Dating is a bitch, but at least you get to eat out from time to time. In Fresh, however, the food may taste a little too familiar.
From Mimi Cave, Fresh is about Noa, a young, single woman (Daisy Edgar-Jones) who meets a charming guy named Steve (Sebastian Stan). Steve is handsome, great in the sack, and an expert chef, especially with the delicacy that is human flesh.
For Armie Hammer, that may be a turn on. For Noa, it’s unclear whether things will work out between them.
Despite being nearly two hours long, Fresh feels more like a side salad than a heavy red meat meal, breezy and easy to consume. Consistently entertaining and just a little sadistic, the movie is powered by the charismatically frightening performance by Stan, who seems to relish in his off-kilter role.
Cave and writer Lauryn Kahn use a duller knife than needed, however. As engaging as most of Fresh is, by the third act it all begins to feel a bit routine. There’s no real surprises to be found here, sadly; nothing unexpected happens. The dish comes together a little too easily. Tonally, too, opportunity seems lost; the playfulness in the early part of the movie drips away as time progresses, leaving more bone than meat.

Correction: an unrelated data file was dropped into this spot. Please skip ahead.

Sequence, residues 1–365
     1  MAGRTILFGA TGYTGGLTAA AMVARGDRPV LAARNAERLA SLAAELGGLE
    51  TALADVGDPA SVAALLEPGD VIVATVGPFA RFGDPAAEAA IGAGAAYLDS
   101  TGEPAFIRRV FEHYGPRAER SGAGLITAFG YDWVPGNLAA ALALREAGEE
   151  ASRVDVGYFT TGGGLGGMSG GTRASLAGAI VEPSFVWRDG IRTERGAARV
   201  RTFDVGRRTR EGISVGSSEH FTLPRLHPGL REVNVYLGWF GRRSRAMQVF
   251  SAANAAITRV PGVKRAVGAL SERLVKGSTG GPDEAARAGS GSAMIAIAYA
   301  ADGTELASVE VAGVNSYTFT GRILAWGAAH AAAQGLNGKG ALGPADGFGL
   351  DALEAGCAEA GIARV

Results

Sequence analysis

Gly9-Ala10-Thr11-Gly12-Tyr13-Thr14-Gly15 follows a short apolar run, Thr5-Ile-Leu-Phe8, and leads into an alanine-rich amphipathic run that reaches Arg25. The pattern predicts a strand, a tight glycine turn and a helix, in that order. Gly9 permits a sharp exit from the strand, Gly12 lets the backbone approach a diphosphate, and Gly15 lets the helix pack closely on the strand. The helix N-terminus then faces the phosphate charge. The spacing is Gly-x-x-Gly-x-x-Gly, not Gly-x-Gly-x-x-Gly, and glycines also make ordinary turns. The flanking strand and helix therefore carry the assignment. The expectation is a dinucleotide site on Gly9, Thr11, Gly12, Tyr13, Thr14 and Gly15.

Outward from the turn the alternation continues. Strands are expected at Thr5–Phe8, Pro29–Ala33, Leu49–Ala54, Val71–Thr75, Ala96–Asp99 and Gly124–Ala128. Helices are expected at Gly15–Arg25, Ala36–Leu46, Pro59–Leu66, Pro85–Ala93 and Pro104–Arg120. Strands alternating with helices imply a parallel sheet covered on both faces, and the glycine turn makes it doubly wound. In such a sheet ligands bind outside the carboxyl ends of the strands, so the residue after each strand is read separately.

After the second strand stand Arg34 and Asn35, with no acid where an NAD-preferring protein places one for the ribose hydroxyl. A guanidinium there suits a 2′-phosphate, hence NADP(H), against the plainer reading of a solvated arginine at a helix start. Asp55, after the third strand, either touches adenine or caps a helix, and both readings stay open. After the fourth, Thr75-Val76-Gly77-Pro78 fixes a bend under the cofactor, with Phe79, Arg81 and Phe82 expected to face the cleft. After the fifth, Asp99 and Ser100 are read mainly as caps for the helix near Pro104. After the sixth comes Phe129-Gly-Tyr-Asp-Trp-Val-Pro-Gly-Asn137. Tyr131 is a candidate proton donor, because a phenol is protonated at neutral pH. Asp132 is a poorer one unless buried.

Though it’s more chuck-eye than wagyu, Fresh is a deliciously fun tale of dating gone wrong that’s worth sinking your teeth into. Even if you won’t remember the meal a year from now.
This movie was reviewed as part of our coverage of the 2022 Sundance Film Festival.
Review by Erik Samdahl unless otherwise indicated.